With the Galaxy S8, Samsung says goodbye to smaller screens
Six months ago, I wrote a post about the Galaxy S7 edge and the Galaxy Note 7 being more alike than ever, that it’s a good thing, and that Samsung had reasons for unifying both the S and Note series in its large “Galaxy.” I also said in that same column that Samsung has been increasing its screen sizes in the Galaxy S series since the Galaxy S2 in 2011, even up to the 5.7-inch Galaxy S6 edge+ in 2015.
Samsung enlarged the display of the Galaxy S6 edge in the Galaxy S7 edge and scrapped the idea of an “edge+” model, but the flat-paneled Galaxy S7 retained the same 5.1-inch screen size we’d seen in the Galaxy S6 a year earlier. This year with the Galaxy S8, Samsung did two things: first, the company cut ties with flat displays for dual-edge, curved ones; secondly, Samsung finally said goodbye to small screen sizes. The 5.1-inch display of the Galaxy S7 gave way to the 5.8-inch display for the Galaxy S8, which is still the smaller screen size of the two offerings.
The move to larger screens is to Samsung’s advantage, as the Korean giant’s Super AMOLED displays have always been the eye candy of the mobile world since Samsung first started using them, and the new immersive Infinity Display makes it hard to tell where the display begins and ends (which is the goal of the ultimate mobile viewing experience). AMOLED panels provide inky blacks and deep, oversaturated colors, and despite the claims that these panels do not provide true-to-life colors, they continue to be the fan favorite, year after year after year.
Not only are Samsung’s Super AMOLED panels an eye-catching advantage, but consumers are preferring larger screens nowadays. Back when the first Galaxy Note was launched in 2011, its 5.3-inch screen was considered to be mammoth for a smartphone display. Over the years, though, as consumers have come to embrace the Galaxy Note series, some have purchased it not because of its trademark S Pen, but because of its screen size: contrary to popular belief, not every consumer has purchased the Galaxy Note line over the years to experience the S Pen.
Some Note buyers both past and present prefer wider screens, which has made the Galaxy Note line a huge advantage for them. Even when buyers didn’t want the S Pen, they wanted the wider screen. I can’t tell you how many carrier customers complimented my 5.7-inch Galaxy Note 3 back when I worked retail because of its wide screen.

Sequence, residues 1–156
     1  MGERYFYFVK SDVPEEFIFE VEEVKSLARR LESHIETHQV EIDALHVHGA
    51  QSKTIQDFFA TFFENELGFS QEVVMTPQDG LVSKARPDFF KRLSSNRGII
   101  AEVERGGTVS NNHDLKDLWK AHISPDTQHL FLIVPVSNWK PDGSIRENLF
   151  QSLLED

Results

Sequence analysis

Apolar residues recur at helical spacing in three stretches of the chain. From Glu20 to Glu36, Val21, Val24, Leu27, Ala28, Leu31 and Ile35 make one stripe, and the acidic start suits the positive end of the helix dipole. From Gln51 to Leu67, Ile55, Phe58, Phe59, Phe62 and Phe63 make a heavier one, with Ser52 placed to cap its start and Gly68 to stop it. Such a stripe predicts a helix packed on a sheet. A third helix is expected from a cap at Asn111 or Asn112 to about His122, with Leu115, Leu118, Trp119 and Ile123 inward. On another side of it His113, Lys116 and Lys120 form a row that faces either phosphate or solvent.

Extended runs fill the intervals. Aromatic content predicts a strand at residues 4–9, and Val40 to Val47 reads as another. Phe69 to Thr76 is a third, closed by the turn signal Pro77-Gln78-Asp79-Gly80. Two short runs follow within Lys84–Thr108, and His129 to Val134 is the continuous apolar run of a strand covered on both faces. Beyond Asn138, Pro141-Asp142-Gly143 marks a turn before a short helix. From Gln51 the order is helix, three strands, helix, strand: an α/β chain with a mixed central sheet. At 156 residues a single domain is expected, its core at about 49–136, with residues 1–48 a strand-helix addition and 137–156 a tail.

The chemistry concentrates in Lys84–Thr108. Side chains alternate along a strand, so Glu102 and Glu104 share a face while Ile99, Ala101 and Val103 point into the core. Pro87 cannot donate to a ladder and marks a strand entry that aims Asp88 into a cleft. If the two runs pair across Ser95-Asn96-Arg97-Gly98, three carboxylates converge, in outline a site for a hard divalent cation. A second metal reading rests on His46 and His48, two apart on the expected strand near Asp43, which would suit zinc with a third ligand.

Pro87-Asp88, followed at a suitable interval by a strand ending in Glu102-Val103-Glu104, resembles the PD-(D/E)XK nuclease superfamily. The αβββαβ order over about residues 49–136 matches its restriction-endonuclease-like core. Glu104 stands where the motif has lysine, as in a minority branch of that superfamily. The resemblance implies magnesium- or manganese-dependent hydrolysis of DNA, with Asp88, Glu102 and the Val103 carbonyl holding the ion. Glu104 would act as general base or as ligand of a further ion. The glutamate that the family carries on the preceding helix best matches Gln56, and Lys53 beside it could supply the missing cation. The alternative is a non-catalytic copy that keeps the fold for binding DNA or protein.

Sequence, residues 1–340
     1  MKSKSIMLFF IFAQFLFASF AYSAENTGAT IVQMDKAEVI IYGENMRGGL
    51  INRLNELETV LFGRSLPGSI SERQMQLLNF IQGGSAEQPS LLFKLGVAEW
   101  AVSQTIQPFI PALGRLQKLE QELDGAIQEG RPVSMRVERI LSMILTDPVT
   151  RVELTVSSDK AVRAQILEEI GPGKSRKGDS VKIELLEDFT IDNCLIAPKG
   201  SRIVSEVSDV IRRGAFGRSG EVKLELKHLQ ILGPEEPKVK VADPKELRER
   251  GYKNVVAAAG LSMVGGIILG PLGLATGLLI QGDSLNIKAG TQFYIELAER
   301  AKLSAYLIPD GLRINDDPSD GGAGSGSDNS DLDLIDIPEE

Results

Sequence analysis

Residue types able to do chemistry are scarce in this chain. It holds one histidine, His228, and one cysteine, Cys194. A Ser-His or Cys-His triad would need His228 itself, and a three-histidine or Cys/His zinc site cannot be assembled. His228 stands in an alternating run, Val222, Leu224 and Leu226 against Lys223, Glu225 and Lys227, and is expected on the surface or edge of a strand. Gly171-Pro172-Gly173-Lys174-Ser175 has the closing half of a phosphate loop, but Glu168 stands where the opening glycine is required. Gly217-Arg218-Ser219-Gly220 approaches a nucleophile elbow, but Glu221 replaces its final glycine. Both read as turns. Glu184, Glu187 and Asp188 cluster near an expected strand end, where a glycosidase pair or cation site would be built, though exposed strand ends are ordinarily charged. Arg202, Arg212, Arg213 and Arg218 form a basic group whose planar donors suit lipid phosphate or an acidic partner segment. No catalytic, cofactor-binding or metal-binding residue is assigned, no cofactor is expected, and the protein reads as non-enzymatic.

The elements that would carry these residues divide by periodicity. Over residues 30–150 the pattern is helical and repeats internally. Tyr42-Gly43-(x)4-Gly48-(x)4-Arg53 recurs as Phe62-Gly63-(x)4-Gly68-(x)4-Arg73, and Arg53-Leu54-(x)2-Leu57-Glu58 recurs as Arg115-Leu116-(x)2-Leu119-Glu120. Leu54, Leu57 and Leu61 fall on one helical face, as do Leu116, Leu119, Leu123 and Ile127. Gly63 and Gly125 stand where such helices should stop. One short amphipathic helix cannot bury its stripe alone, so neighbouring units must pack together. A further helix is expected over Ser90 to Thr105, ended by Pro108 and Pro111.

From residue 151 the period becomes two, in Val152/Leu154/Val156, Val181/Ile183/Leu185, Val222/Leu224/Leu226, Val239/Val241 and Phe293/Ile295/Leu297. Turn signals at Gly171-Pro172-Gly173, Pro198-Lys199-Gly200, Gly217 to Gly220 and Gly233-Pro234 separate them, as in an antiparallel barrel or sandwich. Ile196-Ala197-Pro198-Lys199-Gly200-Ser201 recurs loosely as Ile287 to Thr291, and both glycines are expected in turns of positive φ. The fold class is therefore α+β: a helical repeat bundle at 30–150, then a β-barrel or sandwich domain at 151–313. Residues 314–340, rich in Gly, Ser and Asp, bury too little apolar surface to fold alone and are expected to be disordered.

And it is this wide-screen fever that moved Samsung to rethink the Galaxy S line after the small Galaxy S6 and S6 edge screens. I remember walking into the store thinking I’d get a Galaxy S6 or Galaxy S6 edge, only to walk out the store without either because I was turned off by the tiny screen size. That changed with the 5.5-inch Galaxy S7 edge, as I decided I’d pick up the edge for the first time not only because of the edge (which I loved on the S6 edge), but also because of the acceptable screen size. I’ve already pre-ordered my 6.2-inch, Orchid Gray Galaxy S8+.
Samsung’s decision to take the Galaxy S8 where the S line has not gone before is in large part due to the growing consumer trend for wider screens across the board. However, that doesn’t mean that every consumer fits mass trends. Some consumers stand against the trend because their preferences are different, and these consumers will disagree with the move to a 5.8-inch Galaxy S8 and its 6.2-inch wider-screened sibling. Some will hang onto their 5.1-inch Galaxy S7 or 5.5-inch Galaxy S7 edge even longer due to the sheer screen sizes of the Galaxy S8 and Galaxy S8+. And every consumer is entitled to his or her preference, and those who prefer compact phones are no longer going to find an option in Samsung’s flagship lineup.
Samsung, however, is in a position where, as a tech company in a consumer market, it can ill afford to ignore those trends. Sometimes when consumers are outraged that “Samsung didn’t do X,” or “Samsung took away Y,” I wonder whether or not those same individuals understand the nature of the consumer business: that companies cannot afford to go against trends, which, 9 times out of 10, are correct (though there are times, though few, when trends don’t tell the whole story).
Wider screens are a growing trend, such that the majority of Android OEMs are providing at least 5.5-inch screens now (LG provides a 5.7-inch screen in the LG G6). Samsung’s truest rival has had a 5.5-inch smartphone in its lineup for three years now, no doubt due to the influence of the Korean giant’s success within the “Galaxy.”
In the final analysis, consumers will be the judge. Battery capacities, back-mounted fingerprint sensors, and dual-edge design are already the critical subjects of discussion surrounding these smartphones, but screen sizes, for most consumers, won’t make the list. We just don’t live in a small-screened world anymore.